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Author: Subject: Women in Chemistry
JJay
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[*] posted on 13-5-2017 at 15:12
Women in Chemistry


You often hear that there are few women in engineering fields. I have occasionally heard the same complaint about chemistry, though, but I'm not sure if it holds true... I know several women who are chemists, and I remember noticing numerous women in my chemistry classes in college. This was not the case in programming and physics classes. I don't know why programming and physics attract so few women, but I'm not sure if the same is true of chemistry.

Is it true that there are few women in chemistry? If it is, is this a problem, and if so, what should be done about it?





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j_sum1
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[*] posted on 13-5-2017 at 16:32


There appears to be fewer women on this site. But I don't think that this site is reflective of chemistry in general.

However, I don't think there is a problem even if women are "underrepresented". I know of no law or rule of the universe that stipulates that both sexes must be equally represented in all fields. It only becomes a problem if individuals find themselves unable to pursue the things they are interested in pursuing. And that is quite a different piece of data -- not at all the same as the gender proportions within a particular vocation or field.

I am quite sure that men are underrepresented in the fields of scrapbooking and quilting. But I don't think that is a problem either.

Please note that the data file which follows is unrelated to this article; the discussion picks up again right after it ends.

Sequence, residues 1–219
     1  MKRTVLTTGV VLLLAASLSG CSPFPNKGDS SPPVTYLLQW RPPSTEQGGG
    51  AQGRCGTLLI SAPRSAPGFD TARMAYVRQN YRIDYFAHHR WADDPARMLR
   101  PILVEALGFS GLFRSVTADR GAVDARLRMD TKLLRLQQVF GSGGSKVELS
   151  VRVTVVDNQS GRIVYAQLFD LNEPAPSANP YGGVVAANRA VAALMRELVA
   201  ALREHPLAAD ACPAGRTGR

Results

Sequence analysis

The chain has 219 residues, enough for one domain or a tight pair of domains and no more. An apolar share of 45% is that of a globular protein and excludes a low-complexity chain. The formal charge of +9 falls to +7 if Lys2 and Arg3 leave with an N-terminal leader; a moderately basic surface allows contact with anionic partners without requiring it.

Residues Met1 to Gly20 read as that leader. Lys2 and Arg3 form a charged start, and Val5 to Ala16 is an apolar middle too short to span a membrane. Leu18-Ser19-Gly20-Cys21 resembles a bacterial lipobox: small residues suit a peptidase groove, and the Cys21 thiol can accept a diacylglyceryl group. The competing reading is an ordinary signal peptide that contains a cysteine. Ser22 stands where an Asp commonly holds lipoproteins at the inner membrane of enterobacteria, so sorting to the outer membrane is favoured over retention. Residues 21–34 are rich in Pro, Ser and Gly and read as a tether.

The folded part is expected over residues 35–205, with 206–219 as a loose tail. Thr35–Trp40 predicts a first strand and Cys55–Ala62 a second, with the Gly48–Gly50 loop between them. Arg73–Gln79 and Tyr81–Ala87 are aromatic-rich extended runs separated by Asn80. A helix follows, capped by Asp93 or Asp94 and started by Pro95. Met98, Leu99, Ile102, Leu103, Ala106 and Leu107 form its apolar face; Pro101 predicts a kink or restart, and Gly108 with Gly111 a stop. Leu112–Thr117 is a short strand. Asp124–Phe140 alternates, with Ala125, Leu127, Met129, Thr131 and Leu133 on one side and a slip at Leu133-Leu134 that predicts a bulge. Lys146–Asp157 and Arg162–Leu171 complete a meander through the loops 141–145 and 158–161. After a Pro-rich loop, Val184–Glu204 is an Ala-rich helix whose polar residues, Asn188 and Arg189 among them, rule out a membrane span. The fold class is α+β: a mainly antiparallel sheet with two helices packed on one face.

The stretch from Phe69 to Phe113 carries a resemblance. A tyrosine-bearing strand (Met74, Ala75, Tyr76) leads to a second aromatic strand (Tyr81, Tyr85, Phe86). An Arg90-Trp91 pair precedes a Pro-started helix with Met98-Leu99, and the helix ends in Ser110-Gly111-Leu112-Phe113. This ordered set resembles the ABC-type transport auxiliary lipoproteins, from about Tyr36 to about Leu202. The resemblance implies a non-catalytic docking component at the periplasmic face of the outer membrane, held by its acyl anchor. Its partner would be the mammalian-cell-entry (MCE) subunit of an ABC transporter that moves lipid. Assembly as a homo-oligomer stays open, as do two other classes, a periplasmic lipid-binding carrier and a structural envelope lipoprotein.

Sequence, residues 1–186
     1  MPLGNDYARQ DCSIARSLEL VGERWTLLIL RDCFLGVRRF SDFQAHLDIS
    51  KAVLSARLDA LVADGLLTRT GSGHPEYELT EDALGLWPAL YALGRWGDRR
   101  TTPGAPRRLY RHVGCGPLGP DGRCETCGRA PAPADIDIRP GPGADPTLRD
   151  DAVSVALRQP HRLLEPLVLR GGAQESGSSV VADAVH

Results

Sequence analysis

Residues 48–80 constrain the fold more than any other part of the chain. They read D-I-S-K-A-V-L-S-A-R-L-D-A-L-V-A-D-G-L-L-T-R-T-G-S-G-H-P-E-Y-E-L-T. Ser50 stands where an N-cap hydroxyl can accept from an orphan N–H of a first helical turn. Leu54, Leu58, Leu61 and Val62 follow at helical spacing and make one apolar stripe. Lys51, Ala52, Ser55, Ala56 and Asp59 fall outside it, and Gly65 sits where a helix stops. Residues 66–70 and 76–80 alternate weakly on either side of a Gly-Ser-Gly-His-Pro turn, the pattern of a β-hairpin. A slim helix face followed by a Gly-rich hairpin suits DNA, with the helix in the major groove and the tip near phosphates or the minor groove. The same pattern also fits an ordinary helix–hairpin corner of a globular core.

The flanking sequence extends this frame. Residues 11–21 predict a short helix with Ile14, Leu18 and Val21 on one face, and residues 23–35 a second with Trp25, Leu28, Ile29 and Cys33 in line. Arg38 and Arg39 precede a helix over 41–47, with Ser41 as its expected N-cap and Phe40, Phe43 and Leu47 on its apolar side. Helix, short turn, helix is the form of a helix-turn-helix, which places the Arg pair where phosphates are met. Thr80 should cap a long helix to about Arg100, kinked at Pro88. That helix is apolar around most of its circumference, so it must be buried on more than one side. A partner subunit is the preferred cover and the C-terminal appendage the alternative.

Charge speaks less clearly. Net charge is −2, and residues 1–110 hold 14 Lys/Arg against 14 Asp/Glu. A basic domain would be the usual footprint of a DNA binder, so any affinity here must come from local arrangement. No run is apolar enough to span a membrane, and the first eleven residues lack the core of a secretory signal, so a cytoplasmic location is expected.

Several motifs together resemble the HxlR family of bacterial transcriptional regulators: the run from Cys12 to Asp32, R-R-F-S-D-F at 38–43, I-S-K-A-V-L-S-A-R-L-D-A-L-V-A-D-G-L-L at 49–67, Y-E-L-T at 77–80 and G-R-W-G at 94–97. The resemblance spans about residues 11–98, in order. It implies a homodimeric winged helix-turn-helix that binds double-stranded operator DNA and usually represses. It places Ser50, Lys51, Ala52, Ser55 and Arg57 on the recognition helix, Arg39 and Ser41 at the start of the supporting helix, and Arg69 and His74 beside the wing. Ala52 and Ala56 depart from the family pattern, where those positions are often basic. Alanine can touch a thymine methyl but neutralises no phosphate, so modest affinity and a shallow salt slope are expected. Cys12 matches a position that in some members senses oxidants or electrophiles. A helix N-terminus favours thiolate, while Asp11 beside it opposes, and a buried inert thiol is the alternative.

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[*] posted on 13-5-2017 at 16:38


As you did, I too noticed quite some women in chemistry in college. Still less than what you'd expect based on the population but they're certainly there. As with all things there must be an eye catcher moment before one gets interested in something and decides to study the matter.

I've been theorizing that there are more male chemists because of the sex appeal of "Feuer und Flamme, Schall und Rauch" - as a lecturer at The Royal Instution put it - to young men. Myself probably included. This interest is innate and does not need encouragement. This has got me thinking what the eye catcher moment is to women in chemistry? Maybe chemistry class can be tailored to more proactively show such eye catchers and in doing so encourage women to study in chemistry?
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[*] posted on 13-5-2017 at 16:48


My wife recently attended a talk at the Women in Chemistry group, which is a affiliated group with the RACI.

https://www.raci.org.au/branches/vic-branch/women-in-chemist...

I think what you'll find is that there's not much in the way of backyard chemistry by women. My wife is an analytical chemist and she is more or less perplexed why anyone would want to try doing things outside a safe regulated environment like a professional lab. Which causes some consternation for want of a better word, when I want to try something at home occasionally.